It's such a privilege to be in the presence of people who are just bursting out of their skins with being alive - it makes me wonder what the rest of us are doing with ourselves. I have some romantic notion that all of us could be glorious like that, in all different ways, if only we weren't so scared of ourselves or of what being glorious might entail. It's like we can't find the true note of our lives, and are fluffing up and down the scale, never quite hitting that C.

Tuesday, February 10, 2009

A call to action

We live with fantasies so that the world feels more bearable. Before I had children, I thought that children who died mustn't have been loved, really loved, because otherwise no-one could bear the loss. I don't think I ever verbalised this, to myself, but that was the fantasy that made me able to deal with it.

Then I had a baby. And one day, as my daughter looked up at me and I was filled with love for her, I suddenly recognised the fantasy I had carried around. And I realised at the same time with a lurch that almost every child who died was loved, loved by family and friends, in that same heart-wrenching way that I loved her. I felt sick to my stomach, and I sobbed.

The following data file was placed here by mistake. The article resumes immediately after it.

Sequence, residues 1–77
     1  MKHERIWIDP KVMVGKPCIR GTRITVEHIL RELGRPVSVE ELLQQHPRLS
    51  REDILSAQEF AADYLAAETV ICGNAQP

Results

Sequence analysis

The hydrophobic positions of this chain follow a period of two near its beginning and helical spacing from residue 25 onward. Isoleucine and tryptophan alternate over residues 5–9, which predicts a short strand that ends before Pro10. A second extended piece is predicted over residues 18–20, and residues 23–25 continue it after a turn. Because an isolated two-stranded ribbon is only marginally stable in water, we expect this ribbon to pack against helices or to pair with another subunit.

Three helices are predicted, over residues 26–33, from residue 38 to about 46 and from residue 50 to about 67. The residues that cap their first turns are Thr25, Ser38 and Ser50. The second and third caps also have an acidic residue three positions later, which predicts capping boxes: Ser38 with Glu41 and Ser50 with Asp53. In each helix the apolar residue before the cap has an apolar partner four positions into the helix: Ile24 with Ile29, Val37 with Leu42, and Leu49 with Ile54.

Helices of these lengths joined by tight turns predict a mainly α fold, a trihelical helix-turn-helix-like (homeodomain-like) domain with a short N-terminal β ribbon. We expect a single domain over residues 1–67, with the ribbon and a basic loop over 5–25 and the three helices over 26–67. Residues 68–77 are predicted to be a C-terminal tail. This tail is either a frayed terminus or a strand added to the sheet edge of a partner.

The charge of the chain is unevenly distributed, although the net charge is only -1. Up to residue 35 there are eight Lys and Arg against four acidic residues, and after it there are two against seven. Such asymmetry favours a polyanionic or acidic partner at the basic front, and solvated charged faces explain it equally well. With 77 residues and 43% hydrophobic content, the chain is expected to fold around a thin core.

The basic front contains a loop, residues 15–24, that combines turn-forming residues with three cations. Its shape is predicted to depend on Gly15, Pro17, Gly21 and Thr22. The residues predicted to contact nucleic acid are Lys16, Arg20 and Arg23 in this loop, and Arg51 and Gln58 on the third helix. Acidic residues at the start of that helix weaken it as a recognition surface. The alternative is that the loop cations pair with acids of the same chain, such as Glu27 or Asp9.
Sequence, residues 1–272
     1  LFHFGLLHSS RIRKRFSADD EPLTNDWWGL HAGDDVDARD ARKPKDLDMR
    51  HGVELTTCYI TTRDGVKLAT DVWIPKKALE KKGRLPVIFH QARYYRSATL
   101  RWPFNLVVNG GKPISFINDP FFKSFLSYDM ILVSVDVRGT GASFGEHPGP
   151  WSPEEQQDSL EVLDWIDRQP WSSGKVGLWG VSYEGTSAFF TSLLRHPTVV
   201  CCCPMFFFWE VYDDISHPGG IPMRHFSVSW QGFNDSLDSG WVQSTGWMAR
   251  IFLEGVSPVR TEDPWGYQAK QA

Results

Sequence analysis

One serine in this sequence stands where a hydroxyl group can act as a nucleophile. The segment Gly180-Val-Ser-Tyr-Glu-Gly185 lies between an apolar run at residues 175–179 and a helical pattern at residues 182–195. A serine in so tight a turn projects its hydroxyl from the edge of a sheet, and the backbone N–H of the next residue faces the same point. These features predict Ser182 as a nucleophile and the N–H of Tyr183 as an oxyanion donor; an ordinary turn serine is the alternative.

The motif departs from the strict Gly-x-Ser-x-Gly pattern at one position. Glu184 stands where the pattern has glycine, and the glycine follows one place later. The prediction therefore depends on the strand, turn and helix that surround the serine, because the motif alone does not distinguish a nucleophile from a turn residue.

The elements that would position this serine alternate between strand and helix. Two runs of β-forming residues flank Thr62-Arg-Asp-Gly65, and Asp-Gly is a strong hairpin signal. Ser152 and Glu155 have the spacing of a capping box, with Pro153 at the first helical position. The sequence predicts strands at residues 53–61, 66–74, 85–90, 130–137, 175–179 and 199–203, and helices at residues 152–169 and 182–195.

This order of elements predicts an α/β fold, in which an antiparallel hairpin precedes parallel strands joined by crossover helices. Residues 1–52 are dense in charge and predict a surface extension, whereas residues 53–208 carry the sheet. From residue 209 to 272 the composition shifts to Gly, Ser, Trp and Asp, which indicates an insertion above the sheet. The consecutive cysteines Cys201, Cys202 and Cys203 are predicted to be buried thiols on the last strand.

But even then, I think I retained a scrap of fantasy. At some deep level, I think I had an idea that with our low birth rate and low infant mortality rate, the deaths of our children impact us more. After all, we have less experience with death and aren't very good at accepting it. And how else can one even contemplate the thousands of children who die every day around the world from preventable causes? It's unthinkable otherwise.

But that is just a fantasy too - and so stupid that I am ashamed to admit it. Because even children who have been rejected by parents, orphaned at birth, discarded by society, and neglected by the wealthy; even children on the absolute margins of the poorest societies in the world; especially those children - they are all loved by God far more passionately than even the most loving of us could love our own children. And when they suffer and die, God weeps.

An acquaintance of ours lost his two sisters in the Victorian bushfires this week. Many, many others have died. And God weeps over them all, insonsolable. And every minute of every day, all around the world, brothers and sisters die from causes that we have the power to prevent, and God weeps inconsolably over them, too. The murderous bushfires this week are a tragedy. But the people who die every second because they have no access to clean water, adequate food, or simple medication represent a far greater ongoing tragedy.